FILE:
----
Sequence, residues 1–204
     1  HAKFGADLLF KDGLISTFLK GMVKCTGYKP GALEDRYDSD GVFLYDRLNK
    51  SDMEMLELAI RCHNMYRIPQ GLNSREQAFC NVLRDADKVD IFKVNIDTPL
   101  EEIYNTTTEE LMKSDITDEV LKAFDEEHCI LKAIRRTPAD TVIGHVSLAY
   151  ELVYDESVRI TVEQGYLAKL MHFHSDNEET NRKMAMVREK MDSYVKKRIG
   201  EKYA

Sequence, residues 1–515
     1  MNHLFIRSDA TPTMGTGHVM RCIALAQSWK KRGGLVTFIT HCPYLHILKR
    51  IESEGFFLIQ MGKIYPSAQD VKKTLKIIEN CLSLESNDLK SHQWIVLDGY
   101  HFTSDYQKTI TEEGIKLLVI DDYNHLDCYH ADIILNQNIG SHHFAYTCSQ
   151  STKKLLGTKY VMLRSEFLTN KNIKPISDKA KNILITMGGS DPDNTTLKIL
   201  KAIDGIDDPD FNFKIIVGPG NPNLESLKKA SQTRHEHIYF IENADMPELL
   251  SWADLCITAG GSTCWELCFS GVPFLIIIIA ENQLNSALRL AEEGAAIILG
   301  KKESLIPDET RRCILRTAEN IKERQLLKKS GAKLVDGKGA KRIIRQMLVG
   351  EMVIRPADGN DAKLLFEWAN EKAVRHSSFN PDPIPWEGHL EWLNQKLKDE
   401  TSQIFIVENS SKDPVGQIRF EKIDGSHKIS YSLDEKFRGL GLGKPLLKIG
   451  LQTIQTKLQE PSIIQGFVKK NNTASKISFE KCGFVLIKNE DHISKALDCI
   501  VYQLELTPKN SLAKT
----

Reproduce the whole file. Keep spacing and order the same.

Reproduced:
Sequence, residues 1–204
     1  HAKFGADLLF KDGLISTFLK GMVKCTGYKP GALEDRYDSD GVFLYDRLNK
    51  SDMEMLELAI RCHNMYRIPQ GLNSREQAFC NVLRDADKVD IFKVNIDTPL
   101  EEIYNTTTEE LMKSDITDEV LKAFDEEHCI LKAIRRTPAD TVIGHVSLAY
   151  ELVYDESVRI TVEQGYLAKL MHFHSDNEET NRKMAMVREK MDSYVKKRIG
   201  EKYA

Sequence, residues 1–515
     1  MNHLFIRSDA TPTMGTGHVM RCIALAQSWK KRGGLVTFIT HCPYLHILKR
    51  IESEGFFLIQ MGKIYPSAQD VKKTLKIIEN CLSLESNDLK SHQWIVLDGY
   101  HFTSDYQKTI TEEGIKLLVI DDYNHLDCYH ADIILNQNIG SHHFAYTCSQ
   151  STKKLLGTKY VMLRSEFLTN KNIKPISDKA KNILITMGGS DPDNTTLKIL
   201  KAIDGIDDPD FNFKIIVGPG NPNLESLKKA SQTRHEHIYF IENADMPELL
   251  SWADLCITAG GSTCWELCFS GVPFLIIIIA ENQLNSALRL AEEGAAIILG
   301  KKESLIPDET RRCILRTAEN IKERQLLKKS GAKLVDGKGA KRIIRQMLVG
   351  EMVIRPADGN DAKLLFEWAN EKAVRHSSFN PDPIPWEGHL EWLNQKLKDE
   401  TSQIFIVENS SKDPVGQIRF EKIDGSHKIS YSLDEKFRGL GLGKPLLKIG
   451  LQTIQTKLQE PSIIQGFVKK NNTASKISFE KCGFVLIKNE DHISKALDCI
   501  VYQLELTPKN SLAKT